"Hey man, where are you staying while you're up here?" I said, as our two-hour long conversation finished up at a lunch spot in Burlington. "Oh, my truck. I'll be fine. I'm actually headed to Canada."
And for some reason, I wasn't surprised. I offered up my couch, but it was respectfully declined.
The person I met a few years ago working in a cubicle was now living out of his truck.
The lavish accommodations were complete with mattress (accented by a blue sleeping bag), trash bag shades, a small portable grill, and a 20-gallon water reserve - among not too many other things.
While I'm not going to be living in my Honda Civic anytime soon, the conversation we had didn't reflect one bit on the fact that he lived out of his truck, hadn't shaved in a couple weeks, and we used the lunch spot downtown to, well, not get lunch at all - and just talk.
I'd like to share what I learned from him.
1. You don't need a lot of things
There wasn't a lot in my friend's truck. Because he didn't need a lot. This led me on a rabbit hole of research into minimalism, a guy's list (with pictures) of the 97 things he owned, and me, staring at all of the crap in my apartment, my closet, and my pantry. Who needs all this stuff? It's not making my life any more awesome. Life is about experiences, not things. I have too many things.
2. You can't purchase time
Time is one of the world's finite resources. You can't go to Target and buy it. You can't dig it out of the ground. And you can't make more of it in your basement. It's yours -and it's limited. Do what you love. Spend time with people who don't waste your time (Waste time with the ones you love). Let people know when they're wasting your time. You can always do something else. But, Is what you're doing right now worth not doing something else? Take risks. Be assertive. Get what you want.
3. Stop asking why
I let my friend know I had stopped drinking. I'm almost 2 years sober. And I mentioned how annoying it was when people asked me why I didn't drink. They'd assume I was an alcoholic. His response? "Asking why is the stupidest question because...who gives a f*ck?" He's right. Who cares why you stopped drinking? Who cares why you run marathons? Who cares why you are a single mom? The only person who should care is you. You have decided to live your life a certain way. And no one should question your decision.
4. Be selective in who you work with
Why work with a group of people who don't get anything done? They drag out projects for months, don't value your service, and it's a pain to track them down to get paid. My friend wants to find a handful of contract clients every year he's pumped to work with. I'm leaning in the same direction.
5. Money isn't that exciting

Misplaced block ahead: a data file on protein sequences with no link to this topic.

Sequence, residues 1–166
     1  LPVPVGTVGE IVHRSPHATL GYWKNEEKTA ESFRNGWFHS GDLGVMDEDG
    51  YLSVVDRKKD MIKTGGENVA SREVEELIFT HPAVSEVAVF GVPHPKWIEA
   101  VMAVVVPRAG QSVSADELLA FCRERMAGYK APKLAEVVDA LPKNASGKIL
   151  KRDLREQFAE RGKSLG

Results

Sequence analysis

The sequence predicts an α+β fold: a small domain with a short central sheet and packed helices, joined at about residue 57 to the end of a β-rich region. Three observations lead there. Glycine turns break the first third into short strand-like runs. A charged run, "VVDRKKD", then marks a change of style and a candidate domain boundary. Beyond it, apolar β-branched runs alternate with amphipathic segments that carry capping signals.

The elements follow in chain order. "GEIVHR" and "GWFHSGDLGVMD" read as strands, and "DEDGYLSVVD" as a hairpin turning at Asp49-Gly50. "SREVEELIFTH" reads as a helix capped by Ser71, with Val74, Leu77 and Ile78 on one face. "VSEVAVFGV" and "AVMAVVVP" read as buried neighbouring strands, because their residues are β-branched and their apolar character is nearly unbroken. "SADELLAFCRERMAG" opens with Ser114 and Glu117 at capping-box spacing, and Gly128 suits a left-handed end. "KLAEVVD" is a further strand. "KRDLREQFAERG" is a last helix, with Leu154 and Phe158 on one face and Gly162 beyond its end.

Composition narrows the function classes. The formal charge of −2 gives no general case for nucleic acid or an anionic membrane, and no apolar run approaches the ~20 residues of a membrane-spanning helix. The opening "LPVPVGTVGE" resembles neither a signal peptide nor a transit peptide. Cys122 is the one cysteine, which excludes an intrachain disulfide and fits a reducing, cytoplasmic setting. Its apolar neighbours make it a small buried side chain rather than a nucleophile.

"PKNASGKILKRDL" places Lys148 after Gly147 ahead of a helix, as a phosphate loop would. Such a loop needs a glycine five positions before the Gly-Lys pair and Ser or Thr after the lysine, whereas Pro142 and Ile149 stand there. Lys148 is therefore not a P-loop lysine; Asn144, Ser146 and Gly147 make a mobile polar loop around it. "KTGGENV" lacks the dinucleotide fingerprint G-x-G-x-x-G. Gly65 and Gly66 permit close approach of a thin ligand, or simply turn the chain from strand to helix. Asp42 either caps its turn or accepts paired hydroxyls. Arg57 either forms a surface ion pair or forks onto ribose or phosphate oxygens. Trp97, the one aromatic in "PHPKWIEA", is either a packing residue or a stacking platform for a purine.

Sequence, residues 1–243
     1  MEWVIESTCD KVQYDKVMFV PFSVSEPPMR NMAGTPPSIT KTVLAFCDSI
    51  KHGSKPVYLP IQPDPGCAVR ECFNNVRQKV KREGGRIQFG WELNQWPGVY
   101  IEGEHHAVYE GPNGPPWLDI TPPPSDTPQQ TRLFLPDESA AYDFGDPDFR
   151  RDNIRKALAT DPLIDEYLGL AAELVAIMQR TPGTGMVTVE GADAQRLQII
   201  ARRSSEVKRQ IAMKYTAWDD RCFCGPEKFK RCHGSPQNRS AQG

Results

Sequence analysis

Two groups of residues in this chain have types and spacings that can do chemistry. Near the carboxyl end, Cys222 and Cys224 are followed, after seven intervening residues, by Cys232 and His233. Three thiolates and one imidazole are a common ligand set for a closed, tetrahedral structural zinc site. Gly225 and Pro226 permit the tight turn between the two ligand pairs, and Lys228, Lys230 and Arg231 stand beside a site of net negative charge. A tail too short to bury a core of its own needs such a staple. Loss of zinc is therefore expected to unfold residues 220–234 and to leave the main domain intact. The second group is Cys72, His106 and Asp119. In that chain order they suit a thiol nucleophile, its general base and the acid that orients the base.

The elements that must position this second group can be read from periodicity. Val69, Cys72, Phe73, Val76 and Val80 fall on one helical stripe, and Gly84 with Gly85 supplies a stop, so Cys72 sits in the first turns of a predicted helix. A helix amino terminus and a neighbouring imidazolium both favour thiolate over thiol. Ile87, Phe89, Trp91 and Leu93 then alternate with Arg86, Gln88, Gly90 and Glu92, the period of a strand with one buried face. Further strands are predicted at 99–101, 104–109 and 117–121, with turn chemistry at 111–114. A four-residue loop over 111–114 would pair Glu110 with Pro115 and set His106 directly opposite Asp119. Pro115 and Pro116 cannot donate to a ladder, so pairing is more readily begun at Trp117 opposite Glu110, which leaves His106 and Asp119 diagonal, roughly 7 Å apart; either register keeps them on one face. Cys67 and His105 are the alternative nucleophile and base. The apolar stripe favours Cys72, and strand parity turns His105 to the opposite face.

My friend is practically a freelancer. He makes good money, works wherever there's an internet connection, and he knows his worth. He doesn't want to be rich or build a billion dollar company. (In fact, he told me stories of how he found himself frivolously spending on things because he had the money). He'd happily make less. Because when he was making more, life wasn't any more exciting.
6. Take care of yourself
Dying at 63 years old isn't high on my to-do list. So, that means I've got to take care of myself. Eat right, exercise, get good sleep, drink a lot of water, etc. (This still means I can eat cake). Related to #2, people complain about how limited their time is, yet don't take care of themselves. They die early because of the choice they've made to let their health not be a priority. Take care of yourself today so you have a better tomorrow.
7. Go where you want to go
Over the past few weeks, I've been applying to jobs across the eastern seaboard - Burlington, Providence, Durham, and even Canada. There's a part of me who wants to explore. I want to see another part of the country. But, my heart will always be in Vermont. Always. I learned from my friend to go where you want to go. You can always come back.
I can count my close friends on two hands.
These friends challenge me, make me think differently, and lend an ear when needed. The person I'm describing above does everything to the extreme. He's passionate, curious, and a problem solver. Oh, and he happens to live in his truck.
It makes me wonder what I'd learn from other people who are in situations I've never been in before. What if you talked to the homeless people on the Church Street Marketplace looking for lose change? Or, the terminally ill cancer patient, the women trying to raise her three kids by herself, etc.
Stories amaze me.
They make life worth living. And I'm happy I learned my friend's story isn't finished. It's a cliff hanger. And he likes it that way.
Do you have any friends you've learned a lot from?